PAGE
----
Instead, the book gives us plenty of rhetorical outrage (265 pages), the kind that has become all too familiar on our social media feeds. On the first page alone we have “the crisis of white masculinity”, “a crisis of democracy”, “a crisis of care and reproduction”, to finally say that “sex and gender are [also] in crisis”. Certainly, there are many things that make us feel that the world is in deep trouble. But systematically labeling everything with the rhetoric of “crisis” without providing a deeper account of what these difficult situations give us. say about the present, makes the book appear like a pile of screaming headlines rather than a call to arms, leave alone sustained criticism.
To further frustrate the reader, the book is littered with editorial errors, undigested ideas, and confusing if not comical passages: “Something broke. Something breaks again. Not like a glass breaking or a heart breaking, but like an eggshell breaking – inexorably, and from within. Something wet and angry is fighting its way out of the darkness, and it has claws. Although recalling the Extraterrestrial film franchise (for this reader at least), I’m not sure Penny had this kind of alien creature in mind as a symbol of the new feminist fightback. But who knows?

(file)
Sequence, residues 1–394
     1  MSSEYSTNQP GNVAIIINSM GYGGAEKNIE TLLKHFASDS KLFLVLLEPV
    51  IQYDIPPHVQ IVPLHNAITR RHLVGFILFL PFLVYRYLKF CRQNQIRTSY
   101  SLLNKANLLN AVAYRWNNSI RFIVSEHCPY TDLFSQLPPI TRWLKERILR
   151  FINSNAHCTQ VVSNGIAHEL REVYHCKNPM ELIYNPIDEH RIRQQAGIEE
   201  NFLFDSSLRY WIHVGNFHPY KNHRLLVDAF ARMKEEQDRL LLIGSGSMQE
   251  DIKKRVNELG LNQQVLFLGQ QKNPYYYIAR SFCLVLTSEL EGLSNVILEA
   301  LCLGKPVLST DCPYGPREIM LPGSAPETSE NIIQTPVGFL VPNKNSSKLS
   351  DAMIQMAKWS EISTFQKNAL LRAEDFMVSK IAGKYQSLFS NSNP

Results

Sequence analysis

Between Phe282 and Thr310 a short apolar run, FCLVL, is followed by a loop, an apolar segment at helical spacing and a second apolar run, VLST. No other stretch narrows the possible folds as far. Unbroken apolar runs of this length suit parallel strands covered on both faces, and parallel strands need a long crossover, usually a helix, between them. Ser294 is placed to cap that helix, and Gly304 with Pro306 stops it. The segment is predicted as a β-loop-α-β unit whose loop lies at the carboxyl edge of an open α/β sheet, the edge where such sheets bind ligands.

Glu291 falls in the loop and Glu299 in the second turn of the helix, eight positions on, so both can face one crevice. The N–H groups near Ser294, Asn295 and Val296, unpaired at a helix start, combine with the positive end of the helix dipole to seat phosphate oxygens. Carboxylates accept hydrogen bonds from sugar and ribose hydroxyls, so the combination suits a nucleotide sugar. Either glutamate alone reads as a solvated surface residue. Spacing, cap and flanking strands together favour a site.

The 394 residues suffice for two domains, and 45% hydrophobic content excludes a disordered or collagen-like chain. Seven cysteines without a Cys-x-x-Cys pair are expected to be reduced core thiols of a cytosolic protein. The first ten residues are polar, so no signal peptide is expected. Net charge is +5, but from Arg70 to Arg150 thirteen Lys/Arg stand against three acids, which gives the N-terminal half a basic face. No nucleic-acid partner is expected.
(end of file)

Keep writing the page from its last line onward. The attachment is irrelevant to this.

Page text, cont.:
Like Bad Sex, the book feels both overly superficial and endlessly monotonous. And like much meme-driven political culture, if not institutional diversity initiatives, it tends to flatten the different constituencies it otherwise advocates for. For example, the repeated shorthand “women and gays” and occasionally “women and gays and people of color” nods to intersectionality without bothering to reflect on how issues in cause have very different consequences for disparate minority or subordinate groups.
It’s this kind of flimsy intersectional language that works to homogenize the experiences of minority groups and keeps in play a version of Western feminism that winks at diversity without bothering to understand how difference works.